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Head Start Program- Major Renovation and New Construction. Getting Started.

Updated: Jan 20

Head Start Facility expansion -Where do we start?


As a recipient of the head start program, you may be approaching a point

where you are running out of space, or your existing location(s) have

become obsolete. Options to be considered are:


• Expand, renovate, or convert your existing facility

• Find a new place in an existing building and renovate or modify it if

needed

• New construction

• Availability of funding


So, the next question we ask is, where do I start?

The obvious first place to begin is to make sure the community assessment

is up-to-date and reflects the current and forward-looking needs of the

program.


Once it is clear how much space will be needed to handle present and future

growth, it is time to evaluate the available options for upgrading your facility

situation.


Even though it may make the most sense to stay in an existing location,

OHS wants to know the recipient has investigated and considered alternative

sites if you are seeking federal funding. When looking at alternative

locations, typically, we start thinking of realtors who can present potential

areas. Did you know this is also the best time to bring on an experienced

and knowledgeable consultant with real estate development, construction,

and specifically, OHS regulations and requirements.


Numerous variables come into play in the entire process, from site location

to funding.


Considerations:

• Existing buildings

- Is there too much-deferred maintenance?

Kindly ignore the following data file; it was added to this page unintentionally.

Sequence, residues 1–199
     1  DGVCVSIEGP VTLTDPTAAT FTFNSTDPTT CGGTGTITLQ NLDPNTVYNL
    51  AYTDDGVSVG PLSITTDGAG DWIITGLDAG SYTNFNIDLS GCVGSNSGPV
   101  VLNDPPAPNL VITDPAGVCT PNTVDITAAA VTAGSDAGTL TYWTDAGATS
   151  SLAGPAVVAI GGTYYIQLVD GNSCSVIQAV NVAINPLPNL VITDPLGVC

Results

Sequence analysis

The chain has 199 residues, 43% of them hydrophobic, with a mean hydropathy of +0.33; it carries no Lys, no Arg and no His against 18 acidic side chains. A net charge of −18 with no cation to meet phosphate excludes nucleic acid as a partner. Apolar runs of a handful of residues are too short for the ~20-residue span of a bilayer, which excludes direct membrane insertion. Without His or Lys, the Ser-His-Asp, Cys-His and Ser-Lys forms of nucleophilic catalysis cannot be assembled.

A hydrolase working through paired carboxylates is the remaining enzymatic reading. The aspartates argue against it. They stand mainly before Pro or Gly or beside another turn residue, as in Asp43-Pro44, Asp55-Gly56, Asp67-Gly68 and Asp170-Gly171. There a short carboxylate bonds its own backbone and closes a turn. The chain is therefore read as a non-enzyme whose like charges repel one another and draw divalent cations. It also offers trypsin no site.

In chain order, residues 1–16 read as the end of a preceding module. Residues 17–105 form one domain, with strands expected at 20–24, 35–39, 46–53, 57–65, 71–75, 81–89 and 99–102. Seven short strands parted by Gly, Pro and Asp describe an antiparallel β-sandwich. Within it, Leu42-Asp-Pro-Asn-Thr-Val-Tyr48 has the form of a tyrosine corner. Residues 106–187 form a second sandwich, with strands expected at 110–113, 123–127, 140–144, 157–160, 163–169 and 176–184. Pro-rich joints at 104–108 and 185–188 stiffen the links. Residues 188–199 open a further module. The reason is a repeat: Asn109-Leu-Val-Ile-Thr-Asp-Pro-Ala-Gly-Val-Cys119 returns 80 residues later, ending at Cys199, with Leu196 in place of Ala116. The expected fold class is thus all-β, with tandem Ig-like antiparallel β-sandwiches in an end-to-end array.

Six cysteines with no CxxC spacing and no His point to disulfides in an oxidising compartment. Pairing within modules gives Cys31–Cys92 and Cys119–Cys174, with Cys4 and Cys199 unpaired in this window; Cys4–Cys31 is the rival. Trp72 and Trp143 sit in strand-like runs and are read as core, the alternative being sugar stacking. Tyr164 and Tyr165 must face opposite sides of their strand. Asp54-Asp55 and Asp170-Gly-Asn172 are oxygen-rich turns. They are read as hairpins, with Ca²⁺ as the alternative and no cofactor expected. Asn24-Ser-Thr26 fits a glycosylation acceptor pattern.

- Is annual maintenance costly?

- Is there too much-deferred maintenance?

- Does the existing zoning allow for a childcare program?

- Will, it meet all licensing and fire marshal requirements?

- Location

• New construction

- Is it a complex site?

- Zoning

- Large enough for potential expansion

- Access

- Availability of utilities

- Location

- Availability of Contractor

• Funding (when using federal funds)

- 1303 sub-part E applications

- Appraisals

- Design (plans and specifications)

- SF-429 forms

- Environmental Site Assessments Phase 1

- Budgeting

- Deviations

- Leases

- Subordination agreements

- Procurement and contracting


Every time a 1303 application is submitted and returned, it delays the

approval process significantly. This can add months to the NOA decision.

The top three reasons for returns are:

1. Environmental Site Assessments phase 1 - Recognized environmental

conditions found or other issues

2. Plans and specifications not adequate or improperly done

3. Cost estimates are not sufficiently done

With a Head Start Facility Consultant specializing in real estate, construction,

and federal funding, the likelihood of getting the right property and first-time

approval of the 1303 application is greatly enhanced.


(As a Facility Consultant for the Head Start Program, Scott Samborski brings extensive Head
Start experience and construction background to assist recipients in navigating all aspects
of facilities. His invaluable experience from consulting and training OHS federal staff to
expediting funding requests and compliance with all federal regulations is key to getting it
right the first time.) Scott can be reached at 970-379-0315 or scott@sdcbuild.com
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